Studies have indicated that exercise increases the expression of some families of ABC genes including ABCA1, ABCG5, ABCG4, ABCG1, ABCG5 /8 and ABCA5 [45, 6, 7, 8]and, thus, improves some key steps in the RCT process like the increase and synthesis of HDL and the increase of cholesterol transport out of the cell. Therefore, exercise is important for cardiovascular rehabilitation and reduces cardiovascular complications and mortality from CVDs. Ray et al. reported that the increased ABCA5 gene expression in patients with dyslipidemia decreased cholesterol levels [9]. Ye et al. reported that the ABCA5 knockout was associated with an increase in LDL level [10]. Although, studies have reported that the ABCA5 is involved in the removal of fat from cells, its role as a transporter is unclear for atherosclerosis [9]. Many studies are needed to determine the role of ABCA5 in high cholesterol-related diseases such as CVDs. Few studies have been conducted on the rehabilitation phase of CVD patients and the hybrid effects on ABCA5 gene expression. This study aims to answer the question that whether eight weeks of combined exercises affect the expression of ABCA5 gene of white blood cells in middle-aged men after Coronary Artery Bypass Graft (CABG) surgery. 
Materials and Methods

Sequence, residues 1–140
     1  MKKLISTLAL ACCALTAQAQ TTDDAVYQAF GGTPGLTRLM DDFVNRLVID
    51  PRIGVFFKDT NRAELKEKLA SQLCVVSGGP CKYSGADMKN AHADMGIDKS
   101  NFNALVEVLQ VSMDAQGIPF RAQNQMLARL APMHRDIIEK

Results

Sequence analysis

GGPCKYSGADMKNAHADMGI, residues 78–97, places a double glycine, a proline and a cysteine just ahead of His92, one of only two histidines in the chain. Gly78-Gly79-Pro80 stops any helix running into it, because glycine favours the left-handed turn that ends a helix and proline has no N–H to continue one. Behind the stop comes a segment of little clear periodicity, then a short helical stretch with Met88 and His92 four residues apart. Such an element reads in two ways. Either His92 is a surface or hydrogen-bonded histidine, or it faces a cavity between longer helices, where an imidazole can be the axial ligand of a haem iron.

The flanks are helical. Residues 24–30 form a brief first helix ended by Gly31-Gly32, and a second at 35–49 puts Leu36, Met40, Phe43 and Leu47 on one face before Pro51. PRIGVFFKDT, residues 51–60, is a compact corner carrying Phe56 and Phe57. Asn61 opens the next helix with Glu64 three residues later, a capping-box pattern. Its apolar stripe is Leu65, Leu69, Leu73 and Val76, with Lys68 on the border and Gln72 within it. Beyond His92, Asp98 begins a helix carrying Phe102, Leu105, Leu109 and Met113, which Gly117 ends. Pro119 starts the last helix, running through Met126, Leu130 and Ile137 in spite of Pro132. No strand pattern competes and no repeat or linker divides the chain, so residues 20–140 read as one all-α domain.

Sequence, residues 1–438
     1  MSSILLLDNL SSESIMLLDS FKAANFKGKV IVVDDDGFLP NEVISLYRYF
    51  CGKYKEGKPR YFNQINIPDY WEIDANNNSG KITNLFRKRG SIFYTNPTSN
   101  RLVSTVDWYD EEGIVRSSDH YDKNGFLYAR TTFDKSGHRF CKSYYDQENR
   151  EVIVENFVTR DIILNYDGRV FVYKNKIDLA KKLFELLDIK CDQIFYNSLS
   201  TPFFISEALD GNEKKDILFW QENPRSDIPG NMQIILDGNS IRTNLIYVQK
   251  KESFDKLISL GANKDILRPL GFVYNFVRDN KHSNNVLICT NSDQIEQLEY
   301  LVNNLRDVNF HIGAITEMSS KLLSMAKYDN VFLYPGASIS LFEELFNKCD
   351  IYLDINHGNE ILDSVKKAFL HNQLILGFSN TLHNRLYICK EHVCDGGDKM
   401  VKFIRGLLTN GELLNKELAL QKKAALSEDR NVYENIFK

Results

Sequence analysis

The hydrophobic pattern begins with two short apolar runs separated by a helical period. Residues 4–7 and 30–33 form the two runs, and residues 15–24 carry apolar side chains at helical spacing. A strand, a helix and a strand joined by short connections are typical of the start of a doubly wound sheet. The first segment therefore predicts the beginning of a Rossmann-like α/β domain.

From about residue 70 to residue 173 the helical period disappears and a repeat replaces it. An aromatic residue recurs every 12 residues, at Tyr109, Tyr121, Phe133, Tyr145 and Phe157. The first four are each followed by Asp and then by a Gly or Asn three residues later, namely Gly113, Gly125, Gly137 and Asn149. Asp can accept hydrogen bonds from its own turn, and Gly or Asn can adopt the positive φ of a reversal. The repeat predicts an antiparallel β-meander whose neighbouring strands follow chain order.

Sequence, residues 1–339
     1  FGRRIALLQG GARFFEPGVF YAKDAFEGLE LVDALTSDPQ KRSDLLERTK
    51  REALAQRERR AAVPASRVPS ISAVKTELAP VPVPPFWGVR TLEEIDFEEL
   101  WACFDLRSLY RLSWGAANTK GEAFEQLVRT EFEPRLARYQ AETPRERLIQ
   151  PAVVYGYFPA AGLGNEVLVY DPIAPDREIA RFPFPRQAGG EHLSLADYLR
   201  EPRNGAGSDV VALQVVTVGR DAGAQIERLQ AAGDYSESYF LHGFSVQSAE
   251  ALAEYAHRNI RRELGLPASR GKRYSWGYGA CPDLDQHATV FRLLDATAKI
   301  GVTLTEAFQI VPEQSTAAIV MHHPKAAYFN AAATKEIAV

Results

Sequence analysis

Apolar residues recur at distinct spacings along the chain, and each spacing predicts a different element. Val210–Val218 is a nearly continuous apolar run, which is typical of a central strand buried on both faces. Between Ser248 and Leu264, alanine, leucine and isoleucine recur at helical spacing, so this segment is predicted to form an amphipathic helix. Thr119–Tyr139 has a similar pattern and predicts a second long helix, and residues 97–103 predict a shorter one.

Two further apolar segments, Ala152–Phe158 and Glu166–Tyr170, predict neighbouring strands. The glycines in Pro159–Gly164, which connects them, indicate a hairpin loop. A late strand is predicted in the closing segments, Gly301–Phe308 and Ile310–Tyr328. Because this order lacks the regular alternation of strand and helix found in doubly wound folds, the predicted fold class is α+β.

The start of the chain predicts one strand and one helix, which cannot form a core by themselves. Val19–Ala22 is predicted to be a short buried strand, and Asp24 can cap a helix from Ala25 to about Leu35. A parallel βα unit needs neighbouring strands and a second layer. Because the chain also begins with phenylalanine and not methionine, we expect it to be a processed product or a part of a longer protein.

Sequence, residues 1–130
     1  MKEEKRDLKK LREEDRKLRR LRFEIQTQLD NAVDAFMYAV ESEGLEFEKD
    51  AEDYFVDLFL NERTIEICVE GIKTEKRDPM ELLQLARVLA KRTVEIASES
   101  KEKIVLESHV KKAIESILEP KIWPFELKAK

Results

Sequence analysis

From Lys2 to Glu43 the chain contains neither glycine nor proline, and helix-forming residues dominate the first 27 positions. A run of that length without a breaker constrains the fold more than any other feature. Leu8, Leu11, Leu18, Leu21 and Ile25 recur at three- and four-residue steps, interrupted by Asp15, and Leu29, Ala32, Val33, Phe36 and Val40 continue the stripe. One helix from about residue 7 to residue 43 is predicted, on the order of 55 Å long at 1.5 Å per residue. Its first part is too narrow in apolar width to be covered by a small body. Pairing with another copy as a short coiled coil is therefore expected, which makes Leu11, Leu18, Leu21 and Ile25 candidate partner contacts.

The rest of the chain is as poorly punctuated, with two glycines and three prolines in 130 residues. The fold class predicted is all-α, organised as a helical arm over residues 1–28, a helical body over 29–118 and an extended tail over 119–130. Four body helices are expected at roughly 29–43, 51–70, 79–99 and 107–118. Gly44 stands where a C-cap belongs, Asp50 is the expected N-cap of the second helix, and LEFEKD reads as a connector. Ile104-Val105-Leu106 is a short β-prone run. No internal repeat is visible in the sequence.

This is a quasi-experimental study with a pre-test/post-test design. The statistical population consists of all male patients aged 50-65 years referred to Javad Al-Aemeh Cardiovascular Hospital in Mashhad, Iran. The sample size was determined according to previous studies and patient availability. In this regard, 26 men who underwent CABG surgery were selected using a convenience sampling method and according to the inclusion criteria (no cognitive, vision and hearing problems, no blood pressure level higher than 160 mmHg, and diastolic above 100 mmHg, no drug use, no use of assistive devices such as walkers). They were randomly divided into exercise and control groups. Exclusion criteria were: Absence from more than three consecutive sessions and four non-consecutive sessions, unwillingness to continue participation, injury or clinical symptoms, participation in other sports activities simultaneously, and not allowed for attending the study according to the physician. Anthropometric variables include age (year), height (cm) measured by a digital scale (SEKA, Germany) with an accuracy of 0.1 Kg, body fat percentage, and body mass index (kg/m2) measured by a digital scale (Inbody720, South Korea), heart rate (per minute) measured by a heart rate monitor (F1tm Polar, Finland), blood pressure, measure by a blood pressure monitor (ALPK2-500, Japan), as well as training times measured by a digital timer with an accuracy of 0.01 seconds.